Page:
Non-derivative financial assets with fixed or determinable payments and fixed maturity dates that the group has the positive intent and ability to hold to maturity are classified as held-to-maturity investments. Held-to-maturity investments are recorded at amortised cost using the effective interest method less impairment, with revenue recognised on an effective yield basis.
Impairment of Financial Assets
Financial assets are assessed for impairment at the end of each reporting period.
Financial assets held at amortised cost and if there is objective evidence that an impairment loss has been incurred for receivables or held to maturity investments held at amortised cost, the amount of the loss is measured as the difference between the asset’s carrying amount and the present value of estimated future cash flows discounted at the asset’s original effective interest rate. The carrying amount is reduced by way of an allowance account. The loss is recognised in the Statement of Comprehensive Income.
1.11 Financial Liabilities
Financial liabilities are classified as 'other financial liabilities'.
Other Financial Liabilities
Other financial liabilities are initially measured at fair value, net of transaction costs. These liabilities are subsequently measured at amortised cost using the effective interest method, with interest expense recognised on an effective yield basis.
The effective interest method is a method of calculating the amortised cost of a financial liability and of allocating interest expense over the relevant period. The effective interest rate is the rate that exactly discounts estimated future cash payments through the expected life of the financial liability, or, where appropriate, a shorter period.
Supplier and other payables are recognised at amortised cost. Liabilities are recognised to the extent that the goods or services have been received (and irrespective of having been invoiced).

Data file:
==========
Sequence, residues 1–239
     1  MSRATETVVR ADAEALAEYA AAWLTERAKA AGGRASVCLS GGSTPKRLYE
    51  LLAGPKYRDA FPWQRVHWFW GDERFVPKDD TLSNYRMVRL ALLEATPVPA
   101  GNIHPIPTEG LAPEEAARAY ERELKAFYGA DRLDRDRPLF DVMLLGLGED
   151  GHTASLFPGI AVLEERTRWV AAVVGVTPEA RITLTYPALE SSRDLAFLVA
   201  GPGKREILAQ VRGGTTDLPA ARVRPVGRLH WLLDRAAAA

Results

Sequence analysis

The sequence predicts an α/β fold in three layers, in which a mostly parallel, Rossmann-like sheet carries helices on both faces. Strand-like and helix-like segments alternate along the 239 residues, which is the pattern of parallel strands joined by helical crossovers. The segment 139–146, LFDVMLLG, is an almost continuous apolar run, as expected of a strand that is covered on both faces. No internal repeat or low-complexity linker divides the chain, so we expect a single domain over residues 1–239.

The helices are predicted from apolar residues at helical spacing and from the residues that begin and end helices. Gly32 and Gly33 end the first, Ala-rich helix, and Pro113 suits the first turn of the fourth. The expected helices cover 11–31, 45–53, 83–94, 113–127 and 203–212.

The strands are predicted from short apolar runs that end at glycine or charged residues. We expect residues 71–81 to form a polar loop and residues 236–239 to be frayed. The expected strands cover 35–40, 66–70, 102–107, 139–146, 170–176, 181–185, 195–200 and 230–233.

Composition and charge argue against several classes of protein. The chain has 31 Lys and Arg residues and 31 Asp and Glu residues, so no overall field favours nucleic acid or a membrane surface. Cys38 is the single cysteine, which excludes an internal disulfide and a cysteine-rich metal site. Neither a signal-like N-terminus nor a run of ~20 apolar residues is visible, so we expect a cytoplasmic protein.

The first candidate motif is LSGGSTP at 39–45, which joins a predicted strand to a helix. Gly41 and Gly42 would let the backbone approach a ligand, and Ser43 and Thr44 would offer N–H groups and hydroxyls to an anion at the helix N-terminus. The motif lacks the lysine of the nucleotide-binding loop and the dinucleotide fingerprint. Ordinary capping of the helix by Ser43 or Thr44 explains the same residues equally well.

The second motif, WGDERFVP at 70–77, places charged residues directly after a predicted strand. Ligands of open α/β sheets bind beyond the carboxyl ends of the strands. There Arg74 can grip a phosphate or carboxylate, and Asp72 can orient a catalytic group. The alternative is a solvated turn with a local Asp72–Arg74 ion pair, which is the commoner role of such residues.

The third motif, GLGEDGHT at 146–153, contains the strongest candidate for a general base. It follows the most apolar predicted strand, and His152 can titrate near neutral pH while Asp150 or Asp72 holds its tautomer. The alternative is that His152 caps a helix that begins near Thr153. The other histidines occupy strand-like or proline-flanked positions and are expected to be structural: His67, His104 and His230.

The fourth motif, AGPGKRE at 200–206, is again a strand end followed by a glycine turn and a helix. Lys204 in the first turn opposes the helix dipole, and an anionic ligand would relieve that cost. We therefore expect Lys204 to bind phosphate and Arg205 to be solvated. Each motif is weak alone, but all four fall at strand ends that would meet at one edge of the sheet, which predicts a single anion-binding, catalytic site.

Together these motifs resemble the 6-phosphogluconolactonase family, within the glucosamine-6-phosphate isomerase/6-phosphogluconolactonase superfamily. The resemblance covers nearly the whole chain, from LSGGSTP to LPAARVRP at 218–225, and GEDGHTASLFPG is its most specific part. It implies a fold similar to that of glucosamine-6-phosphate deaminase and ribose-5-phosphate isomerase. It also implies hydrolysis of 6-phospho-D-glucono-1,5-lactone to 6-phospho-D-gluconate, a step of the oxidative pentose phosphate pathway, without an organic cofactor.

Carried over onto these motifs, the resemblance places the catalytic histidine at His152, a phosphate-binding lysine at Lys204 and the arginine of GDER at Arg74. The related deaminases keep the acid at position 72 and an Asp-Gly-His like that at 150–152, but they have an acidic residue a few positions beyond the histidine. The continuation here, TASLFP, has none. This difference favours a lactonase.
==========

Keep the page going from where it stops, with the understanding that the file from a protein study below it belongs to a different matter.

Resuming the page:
1.12 Acquisition of Assets
Assets are recorded at cost on acquisition except as stated below. The cost of acquisition includes the fair value of assets transferred in exchange and liabilities undertaken. Financial assets are initially measured at their fair value plus transaction costs where appropriate.
Assets acquired at no cost, or for nominal consideration, are initially recognised as assets and income at their fair value at the date of acquisition, unless acquired as a consequence of restructuring of administrative arrangements. In the latter case, assets are initially recognised as contributions by owners at the amounts at which they were recognised in the transferor’s accounts immediately prior to the restructuring.
1.13 Property, Plant and Equipment
Asset Recognition Threshold
Purchases of property, plant and equipment are recognised initially at cost in the Statement of Financial Position, except for purchases of information technology costing less than $500 and for all other purchases of property, plant and equipment costing less than $2,000 which are expensed in the year of acquisition (other than where they form part of a group of similar items which are significant in total).
|Asset Class||Fair Value Measurement|
|Leasehold Improvements||Depreciated replacement cost|
|Property, plant and equipment||Cost|
Property, plant and equipment was carried at cost, less subsequent accumulation and impairment losses, which is deemed to be carried at fair value.
Depreciable property, plant and equipment assets are written-off to their estimated residual values over their estimated useful lives to the entity using, in all cases, the straight-line method of depreciation.
Depreciation rates (useful lives), residual values and methods are reviewed at each reporting date and necessary adjustments are recognised in the current, or current and future reporting periods, as appropriate.
Depreciation rates applying to each class of depreciable asset are based on the following useful lives:
|Leasehold improvements||Lease term||Lease term|
|Property, Plant and Equipment||1 to 10 years||1 to 10 years|
All assets were assessed for impairment at 7 October 2014. Where indications of impairment exist, the asset’s recoverable amount is estimated and an impairment adjustment made if the asset’s recoverable amount is less than its carrying amount.
The recoverable amount of an asset is the higher of its fair value less costs to sell and its value in use. Value in use is the present value of the future cash flows expected to be derived from the asset. Where the future economic benefit of an asset is not primarily dependent on the asset’s ability to generate future cash flows, and the asset would be replaced if the entity were deprived of the asset, its value in use is taken to be its depreciated replacement cost.